An employee sexually assaults female colleagues and threatens a security guard. He is charged and found guilty of criminal assaults. In disciplinary proceedings he admits the assaults and it comes to light that he already has a police caution for a previous sexual assault.
There would appear little doubt that an employer in this situation could safely dismiss for gross misconduct. However what if the assaults were as a result of the employee failing to take certain medication?
A recent case* has highlighted that in this type of situation where an employee’s misconduct has been caused by a medical condition an employer may not necessarily be acting fairly when deciding to dismiss.
The facts in the case involved an employee who had, as a result of a depressive illness, been prescribed antidepressant and antipsychotic medication. All the assaults had occurred during periods when he had stopped taking this medication.
The employer’s obvious concern was that there was a risk that he could choose to stop taking his medication at some point in the future and on that basis concluded that the only appropriate sanction was summary dismissal for gross misconduct.
The claims for unfair dismissal and disability discrimination were dismissed by an Employment Tribunal. It held that the employer had reasonable grounds for its belief that the employee was guilty of gross misconduct and that dismissal was clearly within the band of reasonable responses given the seriousness of the misconduct. The dismissal was not unlawful discrimination either as dismissal was ‘objectively justified’. It was a proportionate and necessary means of achieving the legitimate business aim of maintaining appropriate standards of conduct in the workplace and safeguarding other employees.
However, the employee’s appeal succeeded on two important grounds. Firstly, it found that the employee’s admission of guilt did not constitute an admission of gross misconduct. Whilst he had admitted carrying out the assaults what should have still been considered was whether his actions had been deliberate. Gross misconduct required a finding that the employee has been culpable so, at the least, he needed to have carried out the misconduct wilfully or in a grossly negligent way. Given his mental illness this was by no means certain.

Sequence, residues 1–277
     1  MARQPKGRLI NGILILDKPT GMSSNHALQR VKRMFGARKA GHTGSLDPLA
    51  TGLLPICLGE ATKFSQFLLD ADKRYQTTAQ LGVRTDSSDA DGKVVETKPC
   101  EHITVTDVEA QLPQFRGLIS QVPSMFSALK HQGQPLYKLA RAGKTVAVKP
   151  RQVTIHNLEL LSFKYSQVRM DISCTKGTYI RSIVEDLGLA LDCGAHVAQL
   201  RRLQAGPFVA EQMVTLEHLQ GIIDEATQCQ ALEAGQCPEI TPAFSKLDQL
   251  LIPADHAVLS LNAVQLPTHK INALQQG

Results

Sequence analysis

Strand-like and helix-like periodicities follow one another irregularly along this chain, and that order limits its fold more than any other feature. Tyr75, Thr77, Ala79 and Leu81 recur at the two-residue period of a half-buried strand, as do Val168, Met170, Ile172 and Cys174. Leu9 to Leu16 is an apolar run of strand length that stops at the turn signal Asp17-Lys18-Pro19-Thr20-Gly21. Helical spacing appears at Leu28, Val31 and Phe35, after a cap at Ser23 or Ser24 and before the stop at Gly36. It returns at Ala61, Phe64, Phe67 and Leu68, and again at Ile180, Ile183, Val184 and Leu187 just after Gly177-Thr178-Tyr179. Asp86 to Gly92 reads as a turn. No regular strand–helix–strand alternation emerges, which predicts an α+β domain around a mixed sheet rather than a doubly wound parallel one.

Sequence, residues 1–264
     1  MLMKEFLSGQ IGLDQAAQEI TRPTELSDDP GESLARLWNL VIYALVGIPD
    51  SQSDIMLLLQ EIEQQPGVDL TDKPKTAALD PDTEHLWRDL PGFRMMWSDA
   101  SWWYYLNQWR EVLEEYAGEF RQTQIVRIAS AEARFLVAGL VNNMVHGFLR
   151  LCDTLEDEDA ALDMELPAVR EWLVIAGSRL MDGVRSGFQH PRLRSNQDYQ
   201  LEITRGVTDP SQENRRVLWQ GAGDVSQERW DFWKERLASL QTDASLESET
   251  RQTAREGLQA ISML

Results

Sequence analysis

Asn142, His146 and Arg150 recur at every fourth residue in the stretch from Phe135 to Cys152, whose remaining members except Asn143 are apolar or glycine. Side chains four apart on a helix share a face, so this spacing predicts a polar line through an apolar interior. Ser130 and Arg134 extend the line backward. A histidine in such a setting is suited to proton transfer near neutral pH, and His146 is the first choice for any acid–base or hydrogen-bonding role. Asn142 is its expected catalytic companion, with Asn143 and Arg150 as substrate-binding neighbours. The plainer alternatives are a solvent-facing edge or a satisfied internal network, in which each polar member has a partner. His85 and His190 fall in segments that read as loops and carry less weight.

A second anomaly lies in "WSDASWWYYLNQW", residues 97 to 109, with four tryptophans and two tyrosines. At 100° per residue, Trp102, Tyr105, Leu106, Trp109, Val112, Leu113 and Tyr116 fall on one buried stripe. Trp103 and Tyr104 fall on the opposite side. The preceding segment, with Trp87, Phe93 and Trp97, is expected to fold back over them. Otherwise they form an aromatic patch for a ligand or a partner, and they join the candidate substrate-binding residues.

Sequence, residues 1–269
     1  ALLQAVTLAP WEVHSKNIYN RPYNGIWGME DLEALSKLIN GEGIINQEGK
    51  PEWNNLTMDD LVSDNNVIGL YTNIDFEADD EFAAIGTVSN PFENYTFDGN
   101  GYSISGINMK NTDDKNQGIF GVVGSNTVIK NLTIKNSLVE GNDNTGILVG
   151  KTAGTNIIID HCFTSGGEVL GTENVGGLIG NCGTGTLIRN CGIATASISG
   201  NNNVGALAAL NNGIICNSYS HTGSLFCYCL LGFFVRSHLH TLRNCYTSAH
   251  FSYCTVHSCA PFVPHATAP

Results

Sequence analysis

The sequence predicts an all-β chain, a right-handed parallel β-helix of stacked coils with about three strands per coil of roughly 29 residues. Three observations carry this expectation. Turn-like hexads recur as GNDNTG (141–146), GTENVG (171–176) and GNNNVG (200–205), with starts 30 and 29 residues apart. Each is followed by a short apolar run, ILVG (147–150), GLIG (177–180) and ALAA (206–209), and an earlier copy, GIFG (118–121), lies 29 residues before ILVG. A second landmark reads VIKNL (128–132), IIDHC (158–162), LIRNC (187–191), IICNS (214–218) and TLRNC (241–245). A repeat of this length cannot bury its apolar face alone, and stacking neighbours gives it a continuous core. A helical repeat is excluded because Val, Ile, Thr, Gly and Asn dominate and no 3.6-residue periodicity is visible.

Secondly, in relation to discrimination, dismissal would only be justified if it was a proportionate means of achieving the legitimate aim. In assessing what was proportionate the employer had to carry out a balancing exercise, weighing up the discriminatory impact on the employee of the method chosen i.e. dismissal against the other available means. The option of home-working that the employee had suggested should have been explored further.
The case highlights the sometimes complex issues that an employer may face when an employee alleges that the misconduct in question is related to a disability. Employers should ensure that in every case they:
- investigate to establish if there is a connection between the conduct and the disability
- assess what, if any, sanction would be appropriate
- balance the impact of the sanction on the employee against the need to achieve the legitimate aim always taking into account whether there are alternative means of achieving this.
*Burdett v Aviva Employment Services Ltd